This is also known as open awareness meditation, where you let what wants to come up while focusing on bodily sensations, thoughts, and feelings.
You don’t judge or repress these feelings. You listen to them but also let them be. You don’t have to react to every thought. You just have to give it nonjudgmental space and care. Try this guide to delve deeper into the practice.
Vijay Eswaran does a practice he calls the Sphere of Silence inspired by his grandfather’s practice of Mouna Vratham, a meditative silence practiced in Indian Hindu tradition. The Sphere of Silence is a 60-minute practice divided into segments for 21 days with no breaks. During these 60 minutes, you stay in complete silence with no distractions.
Quiet contemplation on any subject is another powerful practice that can help you reduce stress, innovate, solve problems, and think for yourself.
It’s a key skill that should be utilized before any decision-making. Take a few minutes each day for this and get lost in thinking about life. Greater purpose and insights will come to you.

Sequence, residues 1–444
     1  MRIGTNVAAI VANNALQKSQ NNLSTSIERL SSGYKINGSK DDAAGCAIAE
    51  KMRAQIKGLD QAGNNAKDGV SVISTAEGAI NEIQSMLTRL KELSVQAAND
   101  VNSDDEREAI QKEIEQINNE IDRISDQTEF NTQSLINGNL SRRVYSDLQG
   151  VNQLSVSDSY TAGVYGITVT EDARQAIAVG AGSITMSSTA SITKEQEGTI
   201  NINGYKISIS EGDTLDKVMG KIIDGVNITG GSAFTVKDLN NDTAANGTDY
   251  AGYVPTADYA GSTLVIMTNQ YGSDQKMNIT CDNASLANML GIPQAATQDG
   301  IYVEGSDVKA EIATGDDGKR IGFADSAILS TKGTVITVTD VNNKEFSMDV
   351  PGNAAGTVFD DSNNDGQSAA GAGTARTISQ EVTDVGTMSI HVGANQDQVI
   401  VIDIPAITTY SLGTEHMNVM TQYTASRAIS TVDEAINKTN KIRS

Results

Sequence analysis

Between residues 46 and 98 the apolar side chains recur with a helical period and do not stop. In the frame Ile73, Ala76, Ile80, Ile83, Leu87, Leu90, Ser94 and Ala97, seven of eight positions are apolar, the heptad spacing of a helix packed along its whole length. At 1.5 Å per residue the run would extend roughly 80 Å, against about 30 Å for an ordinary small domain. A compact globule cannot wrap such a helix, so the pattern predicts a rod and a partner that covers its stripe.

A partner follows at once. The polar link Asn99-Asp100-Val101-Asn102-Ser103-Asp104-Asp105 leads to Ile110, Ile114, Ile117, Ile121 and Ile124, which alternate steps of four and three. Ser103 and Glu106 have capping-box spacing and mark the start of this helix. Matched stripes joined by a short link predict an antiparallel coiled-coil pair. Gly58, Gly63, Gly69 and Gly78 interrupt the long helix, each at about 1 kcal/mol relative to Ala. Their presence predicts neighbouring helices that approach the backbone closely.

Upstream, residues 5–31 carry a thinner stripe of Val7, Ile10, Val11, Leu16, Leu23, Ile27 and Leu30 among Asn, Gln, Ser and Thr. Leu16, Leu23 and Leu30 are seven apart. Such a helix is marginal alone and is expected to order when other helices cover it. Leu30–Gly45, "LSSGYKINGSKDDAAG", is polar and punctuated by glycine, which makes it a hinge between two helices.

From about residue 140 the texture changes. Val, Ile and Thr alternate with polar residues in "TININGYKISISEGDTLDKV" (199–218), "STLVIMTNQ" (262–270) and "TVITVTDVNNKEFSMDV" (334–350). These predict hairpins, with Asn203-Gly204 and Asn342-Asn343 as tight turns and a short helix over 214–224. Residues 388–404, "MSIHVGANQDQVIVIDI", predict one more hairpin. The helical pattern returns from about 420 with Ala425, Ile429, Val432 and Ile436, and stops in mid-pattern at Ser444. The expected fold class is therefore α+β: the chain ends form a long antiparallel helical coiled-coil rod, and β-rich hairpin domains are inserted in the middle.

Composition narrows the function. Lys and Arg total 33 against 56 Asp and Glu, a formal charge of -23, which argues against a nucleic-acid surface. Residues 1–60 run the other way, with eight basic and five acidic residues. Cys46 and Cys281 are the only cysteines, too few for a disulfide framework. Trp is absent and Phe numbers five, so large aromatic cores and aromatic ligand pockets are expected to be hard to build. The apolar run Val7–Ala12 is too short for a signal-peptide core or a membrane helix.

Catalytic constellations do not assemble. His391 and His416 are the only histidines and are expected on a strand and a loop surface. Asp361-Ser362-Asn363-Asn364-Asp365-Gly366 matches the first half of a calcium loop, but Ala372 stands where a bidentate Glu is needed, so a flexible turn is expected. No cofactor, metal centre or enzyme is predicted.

You could set an intention for the day or a mantra with this quiet contemplation and become mindful. Megan Devine uses the mantra “Right now” to become present and pull herself out of rumination into reality. Thinking this thought can also pull you back into quiet contemplation and meditation when you get distracted or distressed.
To be even more present, try grounding or focusing on your five senses: what you can see, think, hear, touch, and taste.
The silence says things we may not want to hear. But it always tells the truth.
4. Enjoy Your Own Company
You might find that solitude suits you. You might like it a lot or find it’s not your thing. Either way, it can lead to self-discovery.
It’s taken for granted far too much. There are many ideas for how to be your own best friend and use alone time as a gift to yourself.
Tell yourself, “This is my time. I will do what I want with it. I will go on an adventure and learn who I really am.”
The next time someone calls and you don’t want to go out, you don’t have to make up excuses. Simply say, “Sorry. I’m busy. I have a date with myself.”
So what if you’re the only one laughing at your own jokes. Or buying yourself a drink. Or loving who you are exactly as you are.
Your opinion of yourself is the one that matters.
Enjoy life a little, and please don’t forget: being alone doesn’t have to mean being lonely.
May it be of benefit!